- Everyone can be manipulated by someone that combines intelligence, charisma, noble cause beliefs, unmatched sales-skills and pathological lying.
- Don’t be blindfolded by the Fear Of Missing Out – each player in the Theranos case was a ‘victim’ of FOMO on the next big thing. Former Wells Fargo CEO Richard Kovacevich, former Secretary of State Henry Kissinger, Robert Murdoch, General James Mattis to top executives at Safeway and Walgreen all were blindfolded by the promise and forget to check reality. To break through the facade you need some level of industry due diligence before investing blindly based on a promise and a person.
- Mindset drives behavior, behavior drives culture, culture drives business outcomes. A toxic culture will destroy any company and will destroy any purpose like ‘the most important thing humanity has ever produced’, as Holmes once told Theranos’ employees about the company’s miniLab.
- Hire people with the right mindset, competences, character and attitude from the start. Hire people that are better than you and complement gaps in your own talent. Make no compromise on people.
- If lies become your strategy, you’ll be buried under them. You start with some small lies and end-up with bigger lies covering other big lies. In the case of Theranos it resulted in an calculated and deliberate fraud.
- Learn from icons but don’t try to copy them. Holmes tried obsessively to become the female version of Steve jobs: the culture of secrecy, her purpose to change humanity, her clothing like the black turtleneck, management approaches and even her car. She even faked how she spoke by talking with a deeper baritone voice. Authentic leadership remains the way to inspire and deliver.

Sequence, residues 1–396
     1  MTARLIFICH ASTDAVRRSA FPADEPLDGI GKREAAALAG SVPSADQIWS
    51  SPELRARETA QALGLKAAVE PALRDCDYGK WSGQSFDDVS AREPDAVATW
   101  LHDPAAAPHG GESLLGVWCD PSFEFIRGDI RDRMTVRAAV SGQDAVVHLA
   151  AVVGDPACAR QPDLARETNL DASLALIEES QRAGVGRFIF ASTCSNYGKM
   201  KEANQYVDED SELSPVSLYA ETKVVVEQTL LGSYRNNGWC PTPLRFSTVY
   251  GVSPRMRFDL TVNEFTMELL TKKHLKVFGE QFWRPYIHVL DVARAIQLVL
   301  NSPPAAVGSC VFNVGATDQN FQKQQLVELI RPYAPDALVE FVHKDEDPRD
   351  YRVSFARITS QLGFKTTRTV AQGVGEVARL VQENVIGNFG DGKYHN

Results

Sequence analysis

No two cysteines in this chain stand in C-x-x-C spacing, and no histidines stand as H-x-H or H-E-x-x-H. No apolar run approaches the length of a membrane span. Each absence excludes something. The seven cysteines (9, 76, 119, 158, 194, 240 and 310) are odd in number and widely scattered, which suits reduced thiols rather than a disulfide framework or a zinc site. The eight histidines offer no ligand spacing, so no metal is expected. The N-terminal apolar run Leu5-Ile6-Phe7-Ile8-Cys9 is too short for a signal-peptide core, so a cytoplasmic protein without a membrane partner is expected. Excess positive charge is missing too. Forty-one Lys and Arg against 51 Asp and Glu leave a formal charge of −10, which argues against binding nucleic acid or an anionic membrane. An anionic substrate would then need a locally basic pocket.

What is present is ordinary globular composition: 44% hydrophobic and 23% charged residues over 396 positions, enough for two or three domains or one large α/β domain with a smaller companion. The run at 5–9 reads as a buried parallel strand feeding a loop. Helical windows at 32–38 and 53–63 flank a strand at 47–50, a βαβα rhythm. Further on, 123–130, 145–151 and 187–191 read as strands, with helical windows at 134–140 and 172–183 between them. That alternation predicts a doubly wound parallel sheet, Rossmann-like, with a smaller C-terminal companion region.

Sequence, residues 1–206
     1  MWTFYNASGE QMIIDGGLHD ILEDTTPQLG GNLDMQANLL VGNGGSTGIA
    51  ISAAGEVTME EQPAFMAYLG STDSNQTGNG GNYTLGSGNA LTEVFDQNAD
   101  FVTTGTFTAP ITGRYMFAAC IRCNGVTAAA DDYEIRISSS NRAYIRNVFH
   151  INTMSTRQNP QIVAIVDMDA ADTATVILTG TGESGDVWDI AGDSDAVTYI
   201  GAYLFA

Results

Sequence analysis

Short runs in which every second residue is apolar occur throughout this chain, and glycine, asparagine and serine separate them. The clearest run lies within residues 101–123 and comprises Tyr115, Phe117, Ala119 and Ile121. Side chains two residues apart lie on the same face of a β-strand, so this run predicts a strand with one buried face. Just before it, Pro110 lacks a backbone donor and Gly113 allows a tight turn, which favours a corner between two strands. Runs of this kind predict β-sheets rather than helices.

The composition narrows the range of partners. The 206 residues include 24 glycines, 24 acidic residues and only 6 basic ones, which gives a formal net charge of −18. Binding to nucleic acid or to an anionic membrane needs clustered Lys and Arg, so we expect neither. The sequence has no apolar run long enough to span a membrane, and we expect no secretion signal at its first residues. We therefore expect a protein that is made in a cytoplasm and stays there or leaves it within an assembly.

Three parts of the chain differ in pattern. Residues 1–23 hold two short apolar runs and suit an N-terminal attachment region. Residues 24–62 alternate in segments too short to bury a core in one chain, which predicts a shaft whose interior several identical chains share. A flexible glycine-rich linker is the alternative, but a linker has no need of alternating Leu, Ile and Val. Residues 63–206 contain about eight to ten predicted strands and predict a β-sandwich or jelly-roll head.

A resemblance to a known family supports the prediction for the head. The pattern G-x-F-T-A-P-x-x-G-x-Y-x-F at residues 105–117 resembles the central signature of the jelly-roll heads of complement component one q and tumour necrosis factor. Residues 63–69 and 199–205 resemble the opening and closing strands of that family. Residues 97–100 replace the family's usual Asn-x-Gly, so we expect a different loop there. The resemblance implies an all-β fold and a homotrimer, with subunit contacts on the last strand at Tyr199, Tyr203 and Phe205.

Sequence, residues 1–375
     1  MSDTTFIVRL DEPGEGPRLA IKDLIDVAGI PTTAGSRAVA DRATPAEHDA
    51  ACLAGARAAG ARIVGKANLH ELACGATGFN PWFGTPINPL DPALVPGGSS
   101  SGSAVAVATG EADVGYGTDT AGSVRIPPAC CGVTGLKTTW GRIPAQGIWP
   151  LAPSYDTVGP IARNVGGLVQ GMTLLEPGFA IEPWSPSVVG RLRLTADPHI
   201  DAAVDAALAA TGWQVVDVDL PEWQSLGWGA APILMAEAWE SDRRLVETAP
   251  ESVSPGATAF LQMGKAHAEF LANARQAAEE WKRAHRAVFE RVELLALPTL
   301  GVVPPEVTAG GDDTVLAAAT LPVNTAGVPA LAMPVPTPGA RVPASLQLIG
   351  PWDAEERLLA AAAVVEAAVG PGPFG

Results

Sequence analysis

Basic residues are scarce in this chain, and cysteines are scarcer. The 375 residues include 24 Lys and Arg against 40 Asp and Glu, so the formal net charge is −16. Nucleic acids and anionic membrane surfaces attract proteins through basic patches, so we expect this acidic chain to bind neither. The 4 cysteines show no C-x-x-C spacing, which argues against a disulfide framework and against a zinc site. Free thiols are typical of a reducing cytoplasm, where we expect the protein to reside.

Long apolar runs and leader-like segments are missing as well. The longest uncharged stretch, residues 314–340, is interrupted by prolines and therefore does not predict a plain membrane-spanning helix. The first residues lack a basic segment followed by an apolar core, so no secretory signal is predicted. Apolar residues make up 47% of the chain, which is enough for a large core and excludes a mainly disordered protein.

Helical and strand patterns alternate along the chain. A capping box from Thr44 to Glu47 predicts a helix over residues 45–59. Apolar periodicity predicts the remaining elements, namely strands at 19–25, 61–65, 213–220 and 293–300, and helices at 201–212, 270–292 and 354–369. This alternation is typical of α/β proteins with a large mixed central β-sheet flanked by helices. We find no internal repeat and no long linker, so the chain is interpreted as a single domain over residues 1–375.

- Facts, proof, transparency and evidence have to be delivered to proof you are on the road to deliver the dream. Especially when it is too good to be true. Talk to customers, partners and the industry experts to verify.
- Any company needs regularly internal and/or external financial reporting delivered by a CFO-like person and if needed verified by an auditor.
- Despite this fraud and unethical case, the industry should continue to embrace innovation and re-imagine (iterate, innovate or disrupt) their business strategy and culture, ready for the digital age. Those that embrace technology will be able to solve big societal problems, create new jobs and drive economic growth. They will be able to create sustainable value in the customer, employee and ecosystem experience, while taking care of the planet. Embrace the learnings of cases like Theranos.
Theranos was shut down in September 2018 and both Balwani (COO) and Holmes (CEO) face a maximum of 20 years prison, multiple fines and new court cases.
The story is so unimaginable on all fronts that a movie with actress Jennifer Lawrence is going to see the light in 2019. You can start the new year by reading the book!
A true lesson for Silicon Valley and for every business person.